Adding a new ability to our prototype — The Triple Shot

The first thing we are going to do is add a laser prefab to our Hierarchy window.


We want our 3 lasers to appear at precise locations of our ship when we fire the triple shot.

To do this, let’s set our player game object position to 0,0,0.

Note the original player position for later is 0, -3.16, 0.

Once we have moved our laser into each of the desired positions, noting the correct position, we can move onto coding.

I came up with the following:

The first will remain the same as our normal laser, and the additional 2 lasers have a pronounced x and y offset from the original laser.

Note, you want the Y value for each of the 2 lasers to be the same for conformity and visual appeal.

Powerup game logic

Before we can implement our new triple shot ability, we need to have a good idea of the intended implementation.

In our prototype, we’ll use the tried and true, battle-tested approach of spawning a sprite on the player screen that the player can collide with, thus picking up the powerup.

We’ll use this implementation for our triple shot.

Adding triple shot code to the Player script

The first thing we want to add to our Player script to implement our triple shot code is a variable.

We’ll need a true/false variable, a Boolean, so our code can track when the tripleshot is active and when it is not.

By default we set it to false.

FireLaser() Method

We need to update our FireLaser() method to fire the triple shot when it is active.

A simple if statement and some instantiate statements based on the positions we’ve noted leaves us with the above.

For the moment, the fire rate remains the same for either the triple shot or normal shooting.

Timing is everything

To me, the current cooldown for the normal laser used on the triple shot feels like too much screen clutter.

I want to slow this down, so we will need to modify our FireLaser() method to take into account different cooldowns.

After playing around with the fire rate, I settled on 0.35f for my triple shot cooldown rate compared to the normal 0.2f firing cooldown.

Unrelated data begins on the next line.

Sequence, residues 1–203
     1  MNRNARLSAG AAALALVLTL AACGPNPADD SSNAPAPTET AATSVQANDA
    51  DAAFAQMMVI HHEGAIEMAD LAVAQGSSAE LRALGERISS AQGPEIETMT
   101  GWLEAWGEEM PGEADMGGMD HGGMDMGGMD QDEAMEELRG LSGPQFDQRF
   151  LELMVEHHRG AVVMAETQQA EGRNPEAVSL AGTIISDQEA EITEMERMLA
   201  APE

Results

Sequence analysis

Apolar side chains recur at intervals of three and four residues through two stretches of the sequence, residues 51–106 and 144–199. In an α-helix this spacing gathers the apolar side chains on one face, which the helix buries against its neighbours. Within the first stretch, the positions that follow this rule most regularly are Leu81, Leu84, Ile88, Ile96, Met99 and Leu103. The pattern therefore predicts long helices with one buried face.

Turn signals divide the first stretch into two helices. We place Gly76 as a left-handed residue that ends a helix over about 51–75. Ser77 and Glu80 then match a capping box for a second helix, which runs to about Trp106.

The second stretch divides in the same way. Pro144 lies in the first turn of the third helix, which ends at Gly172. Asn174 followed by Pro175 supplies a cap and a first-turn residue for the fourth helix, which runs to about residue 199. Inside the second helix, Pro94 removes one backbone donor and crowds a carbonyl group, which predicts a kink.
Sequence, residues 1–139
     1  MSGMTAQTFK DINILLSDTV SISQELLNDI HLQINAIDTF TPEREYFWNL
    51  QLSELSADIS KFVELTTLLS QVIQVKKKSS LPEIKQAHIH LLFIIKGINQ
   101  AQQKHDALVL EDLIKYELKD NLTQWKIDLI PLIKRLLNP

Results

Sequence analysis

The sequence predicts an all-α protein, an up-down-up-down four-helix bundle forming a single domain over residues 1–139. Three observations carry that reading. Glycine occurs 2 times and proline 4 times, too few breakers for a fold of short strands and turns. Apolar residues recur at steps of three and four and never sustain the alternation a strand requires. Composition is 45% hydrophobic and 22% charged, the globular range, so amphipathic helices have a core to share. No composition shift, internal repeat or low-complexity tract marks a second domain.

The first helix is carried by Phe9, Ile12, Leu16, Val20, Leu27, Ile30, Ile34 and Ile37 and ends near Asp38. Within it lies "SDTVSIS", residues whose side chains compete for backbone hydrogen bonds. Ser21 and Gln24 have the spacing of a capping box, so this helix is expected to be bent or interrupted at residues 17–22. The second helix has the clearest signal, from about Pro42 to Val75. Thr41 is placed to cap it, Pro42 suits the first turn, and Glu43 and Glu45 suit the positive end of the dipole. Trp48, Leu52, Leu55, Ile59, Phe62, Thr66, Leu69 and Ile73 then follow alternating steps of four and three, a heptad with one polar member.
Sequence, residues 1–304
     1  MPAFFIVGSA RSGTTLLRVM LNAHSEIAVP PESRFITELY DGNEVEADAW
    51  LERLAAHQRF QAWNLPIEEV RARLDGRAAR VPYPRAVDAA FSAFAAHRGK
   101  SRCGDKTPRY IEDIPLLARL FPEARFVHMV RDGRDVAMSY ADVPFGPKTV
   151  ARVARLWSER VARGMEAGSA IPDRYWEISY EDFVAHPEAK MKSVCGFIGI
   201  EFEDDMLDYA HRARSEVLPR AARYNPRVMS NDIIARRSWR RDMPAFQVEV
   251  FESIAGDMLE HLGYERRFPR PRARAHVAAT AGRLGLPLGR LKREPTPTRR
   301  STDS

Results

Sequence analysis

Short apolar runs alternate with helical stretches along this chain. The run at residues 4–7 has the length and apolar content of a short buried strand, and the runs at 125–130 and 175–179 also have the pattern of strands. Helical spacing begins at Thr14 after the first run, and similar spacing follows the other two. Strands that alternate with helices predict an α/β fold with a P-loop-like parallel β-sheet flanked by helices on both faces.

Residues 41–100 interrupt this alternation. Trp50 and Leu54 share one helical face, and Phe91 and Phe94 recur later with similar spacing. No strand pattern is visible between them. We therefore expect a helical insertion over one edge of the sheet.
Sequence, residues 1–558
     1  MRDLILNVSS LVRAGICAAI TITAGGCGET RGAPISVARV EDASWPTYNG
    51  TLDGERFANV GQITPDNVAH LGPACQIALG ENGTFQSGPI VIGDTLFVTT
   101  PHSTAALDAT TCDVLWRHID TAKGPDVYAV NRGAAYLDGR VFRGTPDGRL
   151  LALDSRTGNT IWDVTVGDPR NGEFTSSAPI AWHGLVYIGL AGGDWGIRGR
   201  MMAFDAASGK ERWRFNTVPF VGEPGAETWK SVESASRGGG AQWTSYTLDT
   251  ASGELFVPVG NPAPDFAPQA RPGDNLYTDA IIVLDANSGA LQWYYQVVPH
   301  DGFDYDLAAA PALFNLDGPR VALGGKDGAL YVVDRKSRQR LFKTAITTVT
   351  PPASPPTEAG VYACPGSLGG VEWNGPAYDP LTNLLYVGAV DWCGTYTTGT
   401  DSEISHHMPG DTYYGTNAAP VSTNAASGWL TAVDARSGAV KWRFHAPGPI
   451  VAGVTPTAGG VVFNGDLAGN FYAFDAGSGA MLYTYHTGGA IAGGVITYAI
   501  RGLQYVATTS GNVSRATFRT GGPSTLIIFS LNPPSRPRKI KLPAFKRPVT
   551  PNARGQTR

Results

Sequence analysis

To implement this, we need to add a new variable for the triple shot cooldown.

We then modify our FireLaser() method so that the cooldown is no longer outside of the if statement, thus shared by all firing types, but rather in the if statement and using the associated cooldown variable.

We can test this out by simply setting our _tripleShotActive variable to true.

Once you’re done with that, return it to a false value.

Adding the powerup

Using a sprite of your choice, add it to the Hierarchy window.

This sprite will represent the triple shot power up the player can collect by flying into.

I’ll be using the sprites provided by GameDevHQ.

Add the Collider

For this powerup to register collisions, it will need a collider.
We’ll add a Circle Collider 2D component to the Triple_Shot_Powerup game object.

Remember to set “Is Trigger” to true by clicking the checkbox.

Next we need to add a rigidbody and make sure to set the Gravity Scale to 0.

Create the Powerup script

We’ll create a new script and add it to our Triple_Shot_Powerup game object.

Coding our Powerup Script

We are drawing heavily from our enemy script since the behavior is very similar.

Spawn above the screen, move down, and destroy once off screen.

We’ve set our speed to be a bit slower, 3 rather than the 4 in our enemy script and we don’t respawn the powerup at the top of the screen once it reaches the bottom of the screen.

We generate random x positioning for the spawn in our Start() method, however we don’t need the same in our Update() method like we did with our Enemy script so it has been removed.

On collision event

We aren’t interested in any collisions other than the player, so we use a very simple if statement checking the tag of the object this game object collides with in the OnTriggerEnter2D() method.

Modifying our Player script

We need to be able to tell the player script to switch to triple shot firing mode once this object collides with the player.

To do so, we add a simple method to our player script to set the value of our _tripleShotActive variable to true.

I’ve placed it beneath the Stunned() method in the player script.

Back in our Powerup script, we modify our OnTriggerEnter2D() method. I’ve renamed the argument it takes to other and added the if statement to check for the Player tag on other.

If the other game object is the Player game object, we get the player script on that game object and call the TripleShotActive() method which will activate the triple shot on our player script.